"Ginger and Rosa" tells the tale of two teenage girls in London in 1962, and how the threat of nuclear annihilation affects their lives.
Ginger and her best friend Rosa, played by Elle Fanning and Alice Englert, are inseparable. They were born on the same day and have been close since they were small children. But as they grow older, their interests begin to veer off in different directions.
At the height of the Cold War, Ginger is consumed with eerie thoughts that the world could end at any moment. Rosa, on the other hand, is more of a free spirit.
At Ginger's urging, the two attend "ban the bomb" rallies and along the way, Ginger gets pulled into a world of left-wing radicalism.
Things only get worse for Ginger as the Cuban Missile Crisis looms in the background. Her father, played by Alessandro Nivola, who spent time in jail for being a pacifist during World War II, betrays her in a way that I can't reveal here, as that would be a spoiler.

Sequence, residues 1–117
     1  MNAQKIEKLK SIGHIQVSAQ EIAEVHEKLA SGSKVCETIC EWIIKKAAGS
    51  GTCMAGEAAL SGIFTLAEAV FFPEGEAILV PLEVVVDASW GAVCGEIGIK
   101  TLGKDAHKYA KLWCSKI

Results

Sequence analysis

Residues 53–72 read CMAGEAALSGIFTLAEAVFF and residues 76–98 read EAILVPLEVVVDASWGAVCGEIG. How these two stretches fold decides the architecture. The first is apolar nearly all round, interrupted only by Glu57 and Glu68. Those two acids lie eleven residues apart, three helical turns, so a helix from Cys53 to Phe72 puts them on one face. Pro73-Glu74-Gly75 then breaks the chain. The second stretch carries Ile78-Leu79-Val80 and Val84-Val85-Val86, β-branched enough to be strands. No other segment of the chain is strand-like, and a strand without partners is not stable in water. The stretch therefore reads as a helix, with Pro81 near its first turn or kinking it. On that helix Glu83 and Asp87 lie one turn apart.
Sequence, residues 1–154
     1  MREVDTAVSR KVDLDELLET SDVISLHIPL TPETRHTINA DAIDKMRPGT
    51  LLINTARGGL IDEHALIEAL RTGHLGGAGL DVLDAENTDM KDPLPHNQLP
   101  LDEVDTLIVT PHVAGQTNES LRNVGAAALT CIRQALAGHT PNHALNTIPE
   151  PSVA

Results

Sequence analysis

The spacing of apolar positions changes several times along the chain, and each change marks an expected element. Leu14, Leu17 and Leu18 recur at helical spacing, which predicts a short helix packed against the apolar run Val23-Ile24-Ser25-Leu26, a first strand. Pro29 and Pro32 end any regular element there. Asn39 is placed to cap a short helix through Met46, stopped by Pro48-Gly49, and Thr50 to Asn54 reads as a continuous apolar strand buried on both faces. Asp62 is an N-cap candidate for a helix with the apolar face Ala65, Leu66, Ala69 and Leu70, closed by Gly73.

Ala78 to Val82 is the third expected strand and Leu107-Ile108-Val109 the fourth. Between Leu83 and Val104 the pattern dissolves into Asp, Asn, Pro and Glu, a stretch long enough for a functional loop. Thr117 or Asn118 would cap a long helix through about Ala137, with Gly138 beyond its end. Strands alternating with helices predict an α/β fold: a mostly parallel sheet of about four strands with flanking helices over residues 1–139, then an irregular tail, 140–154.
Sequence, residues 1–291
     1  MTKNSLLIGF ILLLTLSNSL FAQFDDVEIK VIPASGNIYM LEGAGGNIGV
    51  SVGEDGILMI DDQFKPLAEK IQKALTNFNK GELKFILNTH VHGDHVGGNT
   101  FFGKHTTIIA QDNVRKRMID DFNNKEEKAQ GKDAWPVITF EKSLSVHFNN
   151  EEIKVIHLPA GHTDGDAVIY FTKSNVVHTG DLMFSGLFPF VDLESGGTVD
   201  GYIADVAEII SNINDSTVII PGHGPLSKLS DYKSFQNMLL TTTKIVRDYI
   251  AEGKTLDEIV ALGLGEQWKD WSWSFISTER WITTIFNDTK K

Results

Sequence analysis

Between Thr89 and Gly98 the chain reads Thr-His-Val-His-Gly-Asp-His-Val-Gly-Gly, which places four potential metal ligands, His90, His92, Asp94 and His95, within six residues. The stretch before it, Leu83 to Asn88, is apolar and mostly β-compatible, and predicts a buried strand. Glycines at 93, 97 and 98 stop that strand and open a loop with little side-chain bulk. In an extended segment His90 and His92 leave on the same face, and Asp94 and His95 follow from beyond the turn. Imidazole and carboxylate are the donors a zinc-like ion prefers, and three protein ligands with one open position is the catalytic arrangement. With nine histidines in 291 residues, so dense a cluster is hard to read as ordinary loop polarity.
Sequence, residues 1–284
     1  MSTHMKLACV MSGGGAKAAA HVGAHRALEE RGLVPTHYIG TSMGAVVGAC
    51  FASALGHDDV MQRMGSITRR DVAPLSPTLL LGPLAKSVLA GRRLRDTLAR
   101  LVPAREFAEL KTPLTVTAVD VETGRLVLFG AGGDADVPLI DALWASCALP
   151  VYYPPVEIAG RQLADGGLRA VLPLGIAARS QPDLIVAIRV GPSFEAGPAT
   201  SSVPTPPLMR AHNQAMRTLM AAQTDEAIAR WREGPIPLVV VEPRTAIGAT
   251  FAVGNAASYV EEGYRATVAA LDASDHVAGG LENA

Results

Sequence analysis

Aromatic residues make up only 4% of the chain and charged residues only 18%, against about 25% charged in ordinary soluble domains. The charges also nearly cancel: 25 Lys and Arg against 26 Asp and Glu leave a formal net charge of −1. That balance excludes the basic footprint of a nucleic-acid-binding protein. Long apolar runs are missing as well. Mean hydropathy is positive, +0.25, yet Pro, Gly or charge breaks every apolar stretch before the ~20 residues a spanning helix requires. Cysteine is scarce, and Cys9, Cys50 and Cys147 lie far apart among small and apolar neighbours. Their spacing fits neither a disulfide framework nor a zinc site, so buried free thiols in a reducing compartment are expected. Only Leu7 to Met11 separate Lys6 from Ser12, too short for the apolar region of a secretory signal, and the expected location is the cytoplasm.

Meanwhile, Ginger finds some comfort with her two godfathers, played by Oliver Platt and Timothy Spall, as well as an American activist, played by Annette Bening.
Ginger desperately wants to make a difference in the world, and Fanning turns in a remarkably nuanced, heartfelt performance that's filled with emotional resonance.
Too bad the rest of the movie is not up to her caliber. Writer-director Sally Potter fails to draw viewers in and the overly solemn tones do not help the proceedings.
Bening, Platt, Nivola and Christina Hendricks as Ginger's mom are all good here. Even though the filmmaker's themes are well-intentioned, the fine actors are defeated by a movie that's uninvolved, scattered and ultimately falls flat.
"Ginger And Rosa" opens in theaters next week.